One swallow doesn’t make a spring, or something. In Honda’s case, in getting back around to making a range of exciting performance cars that helped develop so much of the goodwill towards the company and its reputation in the first place, spring has already sprung, and is giving way to a glorious summer.

Exhibit D is at the Tokyo motor show: the Sports EV concept car, which previews a pretty little electric sports car due in production by the end of the decade. Lovely looking, isn’t it?

It follows on from exhibits A, B and C: first, Honda gave us the S660 kei car, a mid-engined, rear-wheel drive micro sports car for the Japanese market. Take my word for it that it’s as much fun as you’ll ever have with only 63bhp under your right foot, and that the world is a better place with it in it than not.

But that’s only available in Japan, and therefore hardly compelling evidence for a Honda performance car comeback.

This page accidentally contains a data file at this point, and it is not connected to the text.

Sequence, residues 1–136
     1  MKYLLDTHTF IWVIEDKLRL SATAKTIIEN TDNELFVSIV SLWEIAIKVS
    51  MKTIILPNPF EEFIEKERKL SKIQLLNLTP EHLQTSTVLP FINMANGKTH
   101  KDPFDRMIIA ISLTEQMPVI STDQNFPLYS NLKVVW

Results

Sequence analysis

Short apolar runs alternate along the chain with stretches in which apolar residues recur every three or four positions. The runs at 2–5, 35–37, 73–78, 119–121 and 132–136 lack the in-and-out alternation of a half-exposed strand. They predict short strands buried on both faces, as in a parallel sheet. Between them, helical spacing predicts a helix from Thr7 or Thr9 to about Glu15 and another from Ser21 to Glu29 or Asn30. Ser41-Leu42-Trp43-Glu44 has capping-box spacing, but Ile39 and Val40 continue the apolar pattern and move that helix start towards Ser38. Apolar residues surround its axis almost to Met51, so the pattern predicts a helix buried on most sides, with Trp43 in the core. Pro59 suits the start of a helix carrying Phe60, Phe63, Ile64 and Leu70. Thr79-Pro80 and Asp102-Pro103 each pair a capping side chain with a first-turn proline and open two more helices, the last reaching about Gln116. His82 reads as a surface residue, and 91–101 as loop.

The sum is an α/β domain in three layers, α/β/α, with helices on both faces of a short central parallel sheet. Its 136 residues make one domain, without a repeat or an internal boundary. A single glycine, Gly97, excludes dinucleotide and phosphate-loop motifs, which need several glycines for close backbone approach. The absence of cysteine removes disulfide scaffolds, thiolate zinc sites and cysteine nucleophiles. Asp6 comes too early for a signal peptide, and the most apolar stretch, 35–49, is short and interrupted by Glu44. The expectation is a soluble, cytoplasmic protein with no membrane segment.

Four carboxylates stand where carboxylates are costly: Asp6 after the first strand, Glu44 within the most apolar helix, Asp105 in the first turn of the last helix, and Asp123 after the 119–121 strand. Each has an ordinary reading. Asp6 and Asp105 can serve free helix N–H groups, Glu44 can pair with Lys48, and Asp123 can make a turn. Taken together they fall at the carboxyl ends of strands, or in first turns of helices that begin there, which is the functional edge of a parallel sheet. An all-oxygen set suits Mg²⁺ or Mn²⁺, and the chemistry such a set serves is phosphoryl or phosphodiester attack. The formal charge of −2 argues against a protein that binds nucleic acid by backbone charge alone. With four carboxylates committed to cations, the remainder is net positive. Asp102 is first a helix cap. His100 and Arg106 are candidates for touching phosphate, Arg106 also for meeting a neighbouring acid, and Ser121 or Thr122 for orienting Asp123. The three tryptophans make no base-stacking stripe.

Step forward exhibit B, the NSX. It might not be the best junior supercar in the world, but it’s not far away. Some achievement, when you consider the complexity of the hybrid technology that powers it. And it exists: Honda will sell you a supercar once more. That’s a lovely thing to be able to write.

While the NSX might not be a world leader, the new Civic Type R certainly is – it is the world’s best hot hatch, and today we publish its Autocar road test, complete with a four-and-a-half star rating and class honours, only two months after it swept all before it at our annual Britain’s Best Affordable Driver’s Car contest.

Honda is a on a roll. And now, as it commits to launching a range of electric cars, it appears that line-up will include a performance model, one as good looking as the Sports EV concept. Recent evidence suggests we should be very excited about the way it’s likely to drive too.

Yep, Honda is back. Now, where’s that S2000 replacement